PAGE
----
lumen to influence the sensory neurones. Circulation occurs in the wings ofyoung adult. In wing circulation is sustained by influxes of air into the wingveins, rather than any pulsatile organs. Pulses of air in the fine tracheal tubes ofthe veins push the haemolymph through the enclosed space of the veins. The insect circulatory system shows high degree of co-ordination betweendorsal vessel, fibro-muscular diaphragms and accessory pumps.Haemolymph and its functions Haemolymph is a watery fluid containing ions, molecules and cells. It isoften clear and colourless but may be variously pigmented or rarely red due tohaemoglobin in the immature stages of few aquatic and endoparasitic flies (e.g.,Chironomid larva). Haemolymph performs the function of both blood andlymph. It is not involved in gas transporting function (respiration). Haemolymphcontains a fluid portion called plasma and cellular fractions called haemocytes.1.Plasma: Plasma is an aqueous solution of inorganic ions, lipids, sugars(mainly trehalose), amino acids, proteins, organic acids and other compounds.pH is usually acidic (6.7). Density is 1.01 to 1.06. Water content is 84-92 percent. Inorganic ions present are `Na in predators and parasites, `Mg and `Kinphytophagous insects. Carbohydrate is in the form of trehalose sugar. Majorproteins are lipoproteins, glycoproteins and enzymes. Lipids in form of fatparticles or lipoproteins. Higher concentration of amino acids leads to acondition called aminoacidemia which effects the osmosis process. In highaltitude insects glycerol is present which acts as a anti freezing compound.Nitrogenous waste is present in the form of uric acid.2. Haemocytes: The blood cells or haemocytes are of several types and all arenucleate. Different types of haemocytes are as follows:a. Prohaemocyte : Smallest of all cells with largest nucleus.b. Plasmatocyte (Phagocyte) aids in phagocytocisc. Granular heamocyte: Contains large number of cytoplasmic inclusionsd. Spherule cell: Cytoplasmic inclusions obscure the nucleuse. Cystocyte(Coagulocyte): Role in blood coagulation and plasma precipitation.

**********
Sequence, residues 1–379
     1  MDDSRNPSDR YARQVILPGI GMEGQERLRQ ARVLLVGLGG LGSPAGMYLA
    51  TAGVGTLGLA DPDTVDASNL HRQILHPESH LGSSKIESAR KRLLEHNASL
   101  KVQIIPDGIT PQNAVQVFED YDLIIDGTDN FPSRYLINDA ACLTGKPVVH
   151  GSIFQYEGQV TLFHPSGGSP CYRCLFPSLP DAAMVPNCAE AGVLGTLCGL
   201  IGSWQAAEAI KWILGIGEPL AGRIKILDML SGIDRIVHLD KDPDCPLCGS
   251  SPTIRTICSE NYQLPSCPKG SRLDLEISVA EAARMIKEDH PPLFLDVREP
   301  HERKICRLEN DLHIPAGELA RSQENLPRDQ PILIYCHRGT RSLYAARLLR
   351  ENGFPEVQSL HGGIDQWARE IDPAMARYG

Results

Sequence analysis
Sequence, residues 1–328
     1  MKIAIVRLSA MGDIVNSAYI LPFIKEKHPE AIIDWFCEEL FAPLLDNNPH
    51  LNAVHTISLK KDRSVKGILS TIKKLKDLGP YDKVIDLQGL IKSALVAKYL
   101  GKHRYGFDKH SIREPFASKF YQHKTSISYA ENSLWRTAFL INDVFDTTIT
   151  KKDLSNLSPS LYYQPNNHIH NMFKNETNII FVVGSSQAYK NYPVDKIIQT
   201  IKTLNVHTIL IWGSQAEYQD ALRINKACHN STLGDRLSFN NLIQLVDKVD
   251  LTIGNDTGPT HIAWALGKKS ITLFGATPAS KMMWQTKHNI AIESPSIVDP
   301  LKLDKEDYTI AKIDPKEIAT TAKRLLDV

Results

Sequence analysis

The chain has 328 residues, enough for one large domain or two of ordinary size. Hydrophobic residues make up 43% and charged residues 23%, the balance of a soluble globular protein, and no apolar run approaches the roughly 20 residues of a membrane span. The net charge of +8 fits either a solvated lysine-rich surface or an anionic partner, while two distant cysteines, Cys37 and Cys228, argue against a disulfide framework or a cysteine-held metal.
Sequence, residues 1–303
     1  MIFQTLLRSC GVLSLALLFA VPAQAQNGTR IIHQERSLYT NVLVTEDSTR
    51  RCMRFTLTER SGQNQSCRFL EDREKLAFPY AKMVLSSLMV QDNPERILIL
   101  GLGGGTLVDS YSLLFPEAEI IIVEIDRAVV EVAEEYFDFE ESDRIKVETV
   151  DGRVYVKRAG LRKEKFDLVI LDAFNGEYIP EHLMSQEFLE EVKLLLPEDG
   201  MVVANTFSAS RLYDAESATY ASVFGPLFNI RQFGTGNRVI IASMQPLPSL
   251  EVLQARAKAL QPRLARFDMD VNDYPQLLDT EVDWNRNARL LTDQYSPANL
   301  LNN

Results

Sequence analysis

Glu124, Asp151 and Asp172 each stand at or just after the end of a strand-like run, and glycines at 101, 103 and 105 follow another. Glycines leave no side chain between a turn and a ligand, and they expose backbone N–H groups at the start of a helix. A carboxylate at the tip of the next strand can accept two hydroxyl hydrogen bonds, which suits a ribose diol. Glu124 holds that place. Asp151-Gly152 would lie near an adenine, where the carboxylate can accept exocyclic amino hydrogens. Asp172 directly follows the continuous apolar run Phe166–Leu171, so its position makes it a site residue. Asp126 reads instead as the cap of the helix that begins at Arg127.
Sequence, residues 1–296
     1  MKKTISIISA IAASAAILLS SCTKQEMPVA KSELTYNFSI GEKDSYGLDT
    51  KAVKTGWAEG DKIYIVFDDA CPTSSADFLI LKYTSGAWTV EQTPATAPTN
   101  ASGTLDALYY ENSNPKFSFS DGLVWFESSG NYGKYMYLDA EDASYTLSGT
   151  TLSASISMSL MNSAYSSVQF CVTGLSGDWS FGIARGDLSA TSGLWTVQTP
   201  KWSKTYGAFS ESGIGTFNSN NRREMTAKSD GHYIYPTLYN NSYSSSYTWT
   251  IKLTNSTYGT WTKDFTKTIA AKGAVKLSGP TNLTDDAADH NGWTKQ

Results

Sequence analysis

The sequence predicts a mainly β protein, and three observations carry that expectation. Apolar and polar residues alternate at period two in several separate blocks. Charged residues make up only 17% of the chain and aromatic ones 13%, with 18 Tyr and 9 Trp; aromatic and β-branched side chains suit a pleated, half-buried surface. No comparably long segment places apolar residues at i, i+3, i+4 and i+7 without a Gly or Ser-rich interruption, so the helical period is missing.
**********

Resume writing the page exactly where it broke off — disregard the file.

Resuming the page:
f. Oenocytoids: Large cells with ecentric nucleusg. Adipo haemocytes: Round or avoid with distinct fat dropletsh. Podocyte: Large flattened cells with number of protoplasmic projections.i. Vermiform cells: Rare type, long thread like.Functions of haemolymph1. Lubricant : Haemolymph keeps the internal cells moist and the movement ofinternal organs is also made easy.2. Hydraulic medium : Hydrostatic pressure developed due to blood pumping isuseful in the following processes. a) Ecdysis (moulting) b) Wing expansion in adults c) Ecolosion in diptera (adult emergence from the puparium using ptilinum) d) Eversion of penis in male insects e) Eversion of osmeteria in papilionid larvae f) Eversion of mask in naiad of dragonfly g) Maintenance of body shape in soft bodied caterpillars.3.Transport and storage : Digested nutrients, hormones and gases (chironomidlarva) were transported with the help of haemolymph. It also removes the wastematerials to the excretory organs. Water and raw materials required forhistogenesis is stored in haemolymph.4.Protection: It helps in phagocytocis, encapsulation, detoxification,coagulation, and wound healing. Non celluar component like lysozymes also killthe invading bacteria.5. Heat transfer: Haemolymph through its movement in the circulatorysystem regulate the body heat (Thermoregulation).6. Maintenance of osmotic pressure: Ions, amino acids and organic acidspresent in the haemolymph helps in maintaining osmotic pressure required fornormal physiological functions.7. Reflex bleeding: Exudation of heamolymph through slit, pore etc. repelsnatural enemies. e.g. Aphids.8. Metabolic medium: Haemolymph serves as a medium for on going metabolicreactions (trahalose is converted into glucose).